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Drupe fruit
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This is the place to enjoy Christine's food-related musings – from seasonal food and food producers to cooking tools, food markets and gastro-travel. You'll also find some must-try recipes and invaluable tips and techniques.

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Drupe fruit

The somewhat doleful term ‘drupe’, used by botanists when referring to stone fruit, seems a bit of a misnomer for the voluptuous plums, greengages and damsons piled high in farm shops and greengrocers. Thanks to this year’s glorious summer, we have a cornucopia from which to choose, including those most seasonal of fruits – greengages and damsons. 

Greengages are a superior kind of plum – smaller and sweeter with a lovely fresh green colour and youthful bloom.  In France they are known as ‘Reine Claude’ and are classified as plums; it is a peculiarly British convention to differentiate them. The flavour is unique – rich and honeyed with a very faint hint of pear drops. When very ripe and sweet, an enticing bead of moisture drips from the base of the stalk, as if the fruit was about to explode with sweetness and juice.

Damsons are a wild relative of the cultivated plum. They are small and oval, with dark purple skin and firm yellow-green flesh. The flavour is sensational – intensely acidic yet sweet and plummy at the same time.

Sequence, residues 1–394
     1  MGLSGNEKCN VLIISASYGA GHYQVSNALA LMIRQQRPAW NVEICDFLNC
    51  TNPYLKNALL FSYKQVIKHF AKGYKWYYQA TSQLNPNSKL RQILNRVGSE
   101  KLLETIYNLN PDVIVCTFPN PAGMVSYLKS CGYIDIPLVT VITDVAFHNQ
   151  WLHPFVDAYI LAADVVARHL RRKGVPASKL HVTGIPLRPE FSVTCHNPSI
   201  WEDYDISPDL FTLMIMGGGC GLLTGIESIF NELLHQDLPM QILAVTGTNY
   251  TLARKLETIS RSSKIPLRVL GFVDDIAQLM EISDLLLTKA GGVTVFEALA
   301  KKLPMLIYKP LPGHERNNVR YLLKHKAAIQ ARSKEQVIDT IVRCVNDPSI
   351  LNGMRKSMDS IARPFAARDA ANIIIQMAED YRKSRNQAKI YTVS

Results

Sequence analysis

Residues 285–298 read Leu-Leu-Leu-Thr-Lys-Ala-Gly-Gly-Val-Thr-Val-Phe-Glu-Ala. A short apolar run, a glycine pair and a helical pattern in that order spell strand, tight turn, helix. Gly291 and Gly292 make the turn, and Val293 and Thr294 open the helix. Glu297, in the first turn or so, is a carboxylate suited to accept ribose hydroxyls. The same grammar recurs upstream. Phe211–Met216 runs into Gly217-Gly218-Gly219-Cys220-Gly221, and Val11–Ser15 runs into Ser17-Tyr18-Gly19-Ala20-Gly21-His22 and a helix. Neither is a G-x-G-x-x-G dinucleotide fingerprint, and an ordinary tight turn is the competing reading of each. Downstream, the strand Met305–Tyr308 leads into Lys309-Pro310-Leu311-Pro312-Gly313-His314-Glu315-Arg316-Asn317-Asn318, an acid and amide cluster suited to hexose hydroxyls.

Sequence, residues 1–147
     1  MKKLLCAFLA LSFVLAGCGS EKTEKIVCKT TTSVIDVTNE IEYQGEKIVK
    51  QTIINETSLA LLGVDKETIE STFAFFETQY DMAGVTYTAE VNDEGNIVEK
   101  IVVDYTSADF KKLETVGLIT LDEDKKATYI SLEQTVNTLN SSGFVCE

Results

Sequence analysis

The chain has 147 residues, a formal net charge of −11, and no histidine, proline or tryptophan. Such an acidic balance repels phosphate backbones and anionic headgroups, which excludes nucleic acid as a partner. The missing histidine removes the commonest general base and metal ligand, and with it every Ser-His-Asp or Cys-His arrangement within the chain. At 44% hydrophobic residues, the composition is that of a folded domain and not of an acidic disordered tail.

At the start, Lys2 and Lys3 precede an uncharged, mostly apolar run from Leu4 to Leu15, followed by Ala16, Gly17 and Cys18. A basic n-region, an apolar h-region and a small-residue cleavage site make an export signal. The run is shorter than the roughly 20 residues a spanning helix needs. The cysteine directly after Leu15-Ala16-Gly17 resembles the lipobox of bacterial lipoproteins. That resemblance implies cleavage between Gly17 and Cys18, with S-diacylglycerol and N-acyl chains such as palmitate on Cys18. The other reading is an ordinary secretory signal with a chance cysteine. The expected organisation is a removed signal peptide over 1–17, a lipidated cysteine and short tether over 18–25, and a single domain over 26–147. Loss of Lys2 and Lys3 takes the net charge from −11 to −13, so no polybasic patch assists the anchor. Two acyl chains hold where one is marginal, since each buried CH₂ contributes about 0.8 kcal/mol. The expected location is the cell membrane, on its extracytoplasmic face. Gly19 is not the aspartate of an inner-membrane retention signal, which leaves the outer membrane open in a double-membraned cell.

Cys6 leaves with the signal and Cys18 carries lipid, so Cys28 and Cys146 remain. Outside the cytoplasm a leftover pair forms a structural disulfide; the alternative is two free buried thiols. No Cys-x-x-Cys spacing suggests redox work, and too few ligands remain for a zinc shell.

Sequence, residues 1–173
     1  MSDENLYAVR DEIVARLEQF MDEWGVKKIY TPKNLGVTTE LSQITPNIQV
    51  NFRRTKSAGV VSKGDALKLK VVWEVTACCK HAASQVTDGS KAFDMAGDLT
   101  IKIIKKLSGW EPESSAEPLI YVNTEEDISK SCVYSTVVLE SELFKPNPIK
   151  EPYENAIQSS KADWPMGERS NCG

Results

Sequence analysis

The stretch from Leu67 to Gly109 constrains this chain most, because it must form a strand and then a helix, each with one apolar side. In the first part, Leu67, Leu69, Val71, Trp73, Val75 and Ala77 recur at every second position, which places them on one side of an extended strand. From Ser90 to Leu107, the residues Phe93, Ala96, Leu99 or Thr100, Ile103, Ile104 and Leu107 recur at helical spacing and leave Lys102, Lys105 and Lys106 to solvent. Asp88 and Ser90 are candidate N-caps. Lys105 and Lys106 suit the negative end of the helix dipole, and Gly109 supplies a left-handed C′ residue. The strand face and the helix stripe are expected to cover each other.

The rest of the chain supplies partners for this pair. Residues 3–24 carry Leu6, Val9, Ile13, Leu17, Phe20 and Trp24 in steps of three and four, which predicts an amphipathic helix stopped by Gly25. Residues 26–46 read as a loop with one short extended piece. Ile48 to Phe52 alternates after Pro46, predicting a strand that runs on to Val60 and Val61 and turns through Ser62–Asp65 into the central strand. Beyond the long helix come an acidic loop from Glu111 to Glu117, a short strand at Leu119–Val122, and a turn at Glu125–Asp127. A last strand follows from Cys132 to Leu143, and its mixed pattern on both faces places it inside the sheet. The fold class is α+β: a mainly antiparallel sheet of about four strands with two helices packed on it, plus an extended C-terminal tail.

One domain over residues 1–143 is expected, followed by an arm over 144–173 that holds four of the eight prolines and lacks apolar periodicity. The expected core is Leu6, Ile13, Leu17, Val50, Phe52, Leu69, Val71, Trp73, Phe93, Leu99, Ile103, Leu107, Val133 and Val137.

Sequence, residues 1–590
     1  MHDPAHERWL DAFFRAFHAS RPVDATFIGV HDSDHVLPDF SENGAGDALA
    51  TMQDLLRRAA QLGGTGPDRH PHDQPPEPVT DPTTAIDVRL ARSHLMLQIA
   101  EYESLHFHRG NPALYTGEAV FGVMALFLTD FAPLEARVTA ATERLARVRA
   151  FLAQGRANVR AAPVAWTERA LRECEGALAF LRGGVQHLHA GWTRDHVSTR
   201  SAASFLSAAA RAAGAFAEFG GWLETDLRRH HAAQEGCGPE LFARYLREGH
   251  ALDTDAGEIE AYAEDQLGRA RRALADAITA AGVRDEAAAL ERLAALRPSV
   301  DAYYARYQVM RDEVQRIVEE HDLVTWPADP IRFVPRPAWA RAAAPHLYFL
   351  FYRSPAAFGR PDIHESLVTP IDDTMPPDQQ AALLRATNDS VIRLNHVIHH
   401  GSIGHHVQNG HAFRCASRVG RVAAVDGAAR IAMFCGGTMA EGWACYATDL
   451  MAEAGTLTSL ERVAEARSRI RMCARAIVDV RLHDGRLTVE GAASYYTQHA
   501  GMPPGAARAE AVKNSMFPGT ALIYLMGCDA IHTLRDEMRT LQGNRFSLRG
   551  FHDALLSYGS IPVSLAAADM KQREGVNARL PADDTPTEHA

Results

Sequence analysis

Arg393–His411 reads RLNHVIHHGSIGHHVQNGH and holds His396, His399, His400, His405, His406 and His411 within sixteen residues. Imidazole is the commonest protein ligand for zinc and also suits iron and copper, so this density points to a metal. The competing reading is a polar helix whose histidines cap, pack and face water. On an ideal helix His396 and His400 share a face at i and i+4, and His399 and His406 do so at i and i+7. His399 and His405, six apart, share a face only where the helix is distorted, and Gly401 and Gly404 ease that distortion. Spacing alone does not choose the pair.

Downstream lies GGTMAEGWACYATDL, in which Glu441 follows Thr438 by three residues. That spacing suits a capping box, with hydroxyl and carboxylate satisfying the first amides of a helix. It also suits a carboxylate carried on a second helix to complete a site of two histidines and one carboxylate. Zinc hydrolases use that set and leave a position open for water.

Writing in World War Two, cookbook author and farmer’s wife Lucie G. Nicoll concluded, “Although one enjoys uncooked damsons after the age of reason and before the age of discretion, the fruit is much better cooked.” I do remember as a child unwisely eating damsons plucked from a hedge, and I also remember the ensuing stomach upsets. Mrs Nicoll certainly had a point.

Once cooked, damsons come into their own, but need a copious amount of sugar to tame the mouth-puckering tartness. They are a natural candidate for preserves and can be transformed into the most sublime jellies, jams, chutneys and pickles, or even damson ‘cheese’  – an firm, intensely flavoured relish served in gleaming slabs with cold meats.

Though plums and greengages are wonderful eaten straight from the fruit bowl, they also make superb tarts and pies. Team them with cobnuts in Greengage and Cobnut Crumble or try them poached or stewed, either whole or in halves or quarters. Cook them carefully until just tender but don’t let them disintegrate. Better still, try them in an end-of-summer barbecue: wrap in thick foil with a knob of butter, a spoonful of brown sugar and a pinch of ground cinnamon. The juices turn into a lovely buttery syrup for pouring over the fruit.

 

© Christine McFadden, September 2016

         
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